Editorial: Arthurian Legend Meets Climate Constraints
On April 28, I attended a remarkable event at the University of California Berkeley campus honoring the energy efficiency achievements and sheer endurance of Dr.Arthur Rosenfeld on the occasion of his 80th birthday. I was both humbled and inspired as the nation’s leading thinkers in the energy and climate fields—John Holdren, Rob Socolow, Stephen Schneider, and many others—celebrated the Rosenfeld Effect and the many efficiency successes that Art has helped to launch. Building efficiency standards, low-e windows, electronic ballasts, CFLs—all of these amazing achievements owe at least part of their success to Art and the work that Home Energy’s readers have done to help them succeed in the marketplace.
But an unmistakable undercurrent ran through most of the talks.What we have achieved is wonderful and absolutely necessary, but it is not sufficient— not by a country mile. Energy efficiency successes so far have prevented new power plants from being built and stabilized utility bills, but they do not come close to addressing the magnitude of the climate change challenge that we face. Staying the course of current energy efficiency activities would mean utterly failing to prevent climatic catastrophe within our lifetimes.
Arctic sea ice and the Greenland ice sheet are disappearing on our watch. Sea levels are steadily rising beyond any levees we might build to protect coastal cities. Category 4 and 5 hurricanes are marching farther northward each summer and may reach Washington, DC and New York City. There will be widespread depletion of affordable fossil fuels and almost certainly there will be mandatory limits on their usage.Yet we, as a country, are still floundering in a slow-paced transition to more sustainable alternatives.
On the surface, it seems like we’re making excellent progress with energy efficiency. CFL sales are booming. More states than ever are adopting building and appliance standards. As Art himself showed at the Rosenfeld Effect event, average annual electricity usage of new U.S. refrigerators has fallen by 75% since 1974 in response to labeling programs, utility incentives, and mandatory efficiency standards.
But what if we ask the refrigerator question a different way? What has happened to yearly global CO2 emissions from all residential refrigerators since 1974? Refrigerators have grown steadily larger over the last 30 years. Relatively inefficient side-by-side designs with through-the-door ice have become more popular. There are more fridges per household, especially in newly electrified parts of the developing world.
Most importantly, there are 2.5 billion more people on the earth than there were in 1974, and most of them want a place to store cold food. We shouldn’t begrudge them that, but we should be realistic about the resulting environmental impacts. While U.S. sales of full-sized fridges are less than 5 million new units per year, global sales have soared to 81 million units per year and continue to rise 4% annually. In total, these effects utterly swamp the efficiency gain, especially when many parts of the world do not insist on refrigerators as efficient as those shipped to the United States, Europe, and Japan.
This example of one our best energy efficiency successes illustrates that we should be careful about patting ourselves on the back too much and risking complacency. Many of us have long celebrated California’s success at holding its per-capita electricity use constant since the 1970s, even as national per-capita use has marched ever higher. But the climate doesn’t judge success by percapita trends. For climate stability, the relevant question is,“How are we doing with total electricity consumption and CO2 emissions?”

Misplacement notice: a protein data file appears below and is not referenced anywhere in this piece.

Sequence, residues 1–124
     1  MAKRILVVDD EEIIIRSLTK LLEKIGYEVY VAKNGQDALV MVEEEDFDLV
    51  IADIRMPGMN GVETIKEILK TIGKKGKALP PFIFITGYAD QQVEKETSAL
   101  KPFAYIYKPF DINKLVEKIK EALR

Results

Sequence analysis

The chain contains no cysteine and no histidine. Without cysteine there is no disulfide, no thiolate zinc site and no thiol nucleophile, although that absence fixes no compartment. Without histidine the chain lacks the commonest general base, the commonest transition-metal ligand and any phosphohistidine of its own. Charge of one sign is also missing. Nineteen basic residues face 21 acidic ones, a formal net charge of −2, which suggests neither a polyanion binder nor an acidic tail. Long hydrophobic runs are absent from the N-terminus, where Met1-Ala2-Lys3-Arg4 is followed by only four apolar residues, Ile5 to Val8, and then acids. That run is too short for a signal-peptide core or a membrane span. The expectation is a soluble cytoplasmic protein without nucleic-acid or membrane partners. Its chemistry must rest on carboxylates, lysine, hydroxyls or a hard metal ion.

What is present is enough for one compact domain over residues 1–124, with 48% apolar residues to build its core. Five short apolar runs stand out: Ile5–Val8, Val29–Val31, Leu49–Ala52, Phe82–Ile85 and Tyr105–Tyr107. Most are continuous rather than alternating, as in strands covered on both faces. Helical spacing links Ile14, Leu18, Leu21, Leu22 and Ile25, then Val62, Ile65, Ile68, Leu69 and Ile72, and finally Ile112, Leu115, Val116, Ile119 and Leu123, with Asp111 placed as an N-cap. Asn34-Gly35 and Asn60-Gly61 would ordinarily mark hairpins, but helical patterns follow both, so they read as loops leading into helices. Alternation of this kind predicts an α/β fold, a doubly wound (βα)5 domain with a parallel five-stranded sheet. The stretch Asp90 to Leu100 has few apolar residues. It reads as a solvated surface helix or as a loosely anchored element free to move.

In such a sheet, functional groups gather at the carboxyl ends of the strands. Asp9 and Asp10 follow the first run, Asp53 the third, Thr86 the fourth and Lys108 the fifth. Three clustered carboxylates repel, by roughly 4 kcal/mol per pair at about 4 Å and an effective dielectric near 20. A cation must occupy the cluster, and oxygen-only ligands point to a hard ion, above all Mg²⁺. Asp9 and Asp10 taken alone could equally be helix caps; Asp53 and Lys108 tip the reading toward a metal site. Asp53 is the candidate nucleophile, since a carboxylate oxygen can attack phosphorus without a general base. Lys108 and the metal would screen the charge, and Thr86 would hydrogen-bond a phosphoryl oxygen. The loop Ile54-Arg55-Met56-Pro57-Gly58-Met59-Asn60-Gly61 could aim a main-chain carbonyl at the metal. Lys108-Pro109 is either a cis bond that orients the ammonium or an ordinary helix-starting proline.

From 1960 to 2006, California’s total electricity use increased by more than a factor of 5. Yes, the rate of increase is slowing, but California still consistently uses more electricity and emits about 1% more greenhouse gases with each passing year, in spite of being a national leader in energy efficiency and renewables. The state will miss the climate stabilization goals Governor Schwarzenegger recently announced unless energy efficiency improves radically and rapidly across the board.
So what needs to be done right now both in California and across the country? Public utility commissions and all utilities need to increase efficiency program funding dramatically across all end uses and program types. DOE and state governments need to adopt appliance efficiency standards that promptly capture all costeffective energy savings, including the value of preventing CO2 emissions. Our governments no longer have the luxury of offering multiple compromises in standards’ stringency, scope, and timetables to satisfy manufacturers’ concerns. Efforts to retrofit existing homes and build zeroenergy new homes need to ramp up radically and with unprecedented urgency.
Paul Hawken once wryly described modern civilization as being “in the middle of a once-in-a-billion-year blowout sale of hydrocarbons.” The Rosenfeld Effect speakers underscored that message with consistency, passion, and panache. Climate change is the global challenge of our era, dwarfing past efforts to eradicate disease, end the cold war, and put a man on the moon.
The Rosenfeld Effect event underscored one other very important lesson: what you do matters enormously to the fate of our planet. Art Rosenfeld has had and continues to have a huge impact on energy matters, but we need many multiples of Art.Your passion and your devotion to raising energy efficiency are desperately needed. Get busy. We don’t have a moment to waste.
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